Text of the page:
Boston, MA – Health care, gun policy, Supreme Court nominees, the economy and jobs, and education are among the most important issues to voters leading up to the 2018 congressional election, according to a new report co-authored by researchers at Harvard T.H. Chan School of Public Health and published online October 31, 2018 in the New England Journal of Medicine.
Dr. Robert Blendon, Richard L. Menschel Professor of Public Health and professor of health policy and political analysis at Harvard T.H. Chan School of Public Health, and colleagues reviewed data collected from 18 different polls that focused on the upcoming elections. The sample sizes of the polls ranged from 419 to 1,201, while the margin of sampling error ranged from 3.3 to 7.0 percentage points.
Findings of the review showed that 66 percent of likely voters will cast their vote to express support for or opposition to President Trump and his policies, indicating that this election will be about much more than individual issues.
The review did find, however, that health care is a top issue for likely voters. Four in 10 likely voters ranked health care as an extremely important policy concern, and 51 percent held a favorable view of the Affordable Care Act (ACA). But there were strong partisan divides on the ACA, with 82 percent of Republicans having an unfavorable view of the health law while only 9 percent of Democrats had an unfavorable view.
Other top health care issues for voters include protecting health insurance coverage for those with preexisting conditions, lowering the overall cost of health care, making sure Medicare benefits are not cut, and ensuring that people do not lose their health insurance coverage. Lowering prescription drug prices is a second-tier health care priority for voters, researchers found.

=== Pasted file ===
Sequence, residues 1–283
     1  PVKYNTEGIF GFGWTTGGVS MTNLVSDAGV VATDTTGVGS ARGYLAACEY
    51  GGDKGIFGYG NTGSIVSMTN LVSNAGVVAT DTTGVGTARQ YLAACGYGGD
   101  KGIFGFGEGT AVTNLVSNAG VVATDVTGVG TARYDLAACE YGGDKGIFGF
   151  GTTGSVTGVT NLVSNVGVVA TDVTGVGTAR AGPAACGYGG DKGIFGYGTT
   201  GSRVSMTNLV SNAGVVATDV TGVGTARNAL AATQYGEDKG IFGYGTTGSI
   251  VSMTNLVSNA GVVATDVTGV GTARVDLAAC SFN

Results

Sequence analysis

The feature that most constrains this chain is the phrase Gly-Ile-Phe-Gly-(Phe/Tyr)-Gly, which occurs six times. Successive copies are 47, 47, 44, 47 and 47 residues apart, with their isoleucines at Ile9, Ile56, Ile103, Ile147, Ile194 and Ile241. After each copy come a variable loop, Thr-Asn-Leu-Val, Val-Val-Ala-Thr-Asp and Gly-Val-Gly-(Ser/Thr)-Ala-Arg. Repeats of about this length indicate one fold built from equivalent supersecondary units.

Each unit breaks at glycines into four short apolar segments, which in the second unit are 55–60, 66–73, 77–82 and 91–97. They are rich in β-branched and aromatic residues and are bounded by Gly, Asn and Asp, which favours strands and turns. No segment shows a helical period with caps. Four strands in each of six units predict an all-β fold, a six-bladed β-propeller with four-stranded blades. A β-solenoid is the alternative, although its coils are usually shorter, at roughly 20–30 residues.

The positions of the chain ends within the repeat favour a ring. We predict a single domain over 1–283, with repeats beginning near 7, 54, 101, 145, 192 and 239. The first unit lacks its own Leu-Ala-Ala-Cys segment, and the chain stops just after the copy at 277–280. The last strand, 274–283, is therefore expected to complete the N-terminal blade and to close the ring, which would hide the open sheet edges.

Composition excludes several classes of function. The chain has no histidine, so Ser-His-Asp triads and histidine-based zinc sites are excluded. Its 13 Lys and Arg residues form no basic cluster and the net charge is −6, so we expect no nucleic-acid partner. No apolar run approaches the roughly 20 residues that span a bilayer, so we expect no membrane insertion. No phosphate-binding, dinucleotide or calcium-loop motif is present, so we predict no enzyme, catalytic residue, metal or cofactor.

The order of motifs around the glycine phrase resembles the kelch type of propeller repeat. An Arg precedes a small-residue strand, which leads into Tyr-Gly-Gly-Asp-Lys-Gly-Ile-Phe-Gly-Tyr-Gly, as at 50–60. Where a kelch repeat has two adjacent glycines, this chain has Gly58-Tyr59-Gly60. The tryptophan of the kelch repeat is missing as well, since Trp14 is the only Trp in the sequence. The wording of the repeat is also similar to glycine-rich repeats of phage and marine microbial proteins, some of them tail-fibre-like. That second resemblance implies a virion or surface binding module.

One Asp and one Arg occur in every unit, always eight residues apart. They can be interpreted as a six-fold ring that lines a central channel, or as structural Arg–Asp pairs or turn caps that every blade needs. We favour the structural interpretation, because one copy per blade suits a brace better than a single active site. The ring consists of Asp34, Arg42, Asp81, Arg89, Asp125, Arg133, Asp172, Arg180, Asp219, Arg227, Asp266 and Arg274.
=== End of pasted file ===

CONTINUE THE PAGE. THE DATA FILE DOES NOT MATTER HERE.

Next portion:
Other broad public health issues that voters are concerned about include abortion and gun policies. Significant partisan divides were seen on these issues as well. A majority of overall registered or likely voters believe that abortion should be legal in all or most circumstances and are in support of Roe v. Wade, the landmark 1973 Supreme Court decision that ruled overly restrictive state regulation of abortion is unconstitutional. And while a majority of registered voters favor stricter gun laws in the future, only 24 percent of Republican registered voters are in favor of such laws.
One health-related issue where there appeared to be broad consensus was the opioid crisis. The review found that 76 percent of Republican registered voters and 73 percent of Democrat registered voters consider the opioid addiction to be a very serious problem in the U.S.
“If either party finds itself in the majority in Congress after this election, there will be marked differences in overall priorities and attitudes about the president’s future initiatives in health care,” the researchers concluded.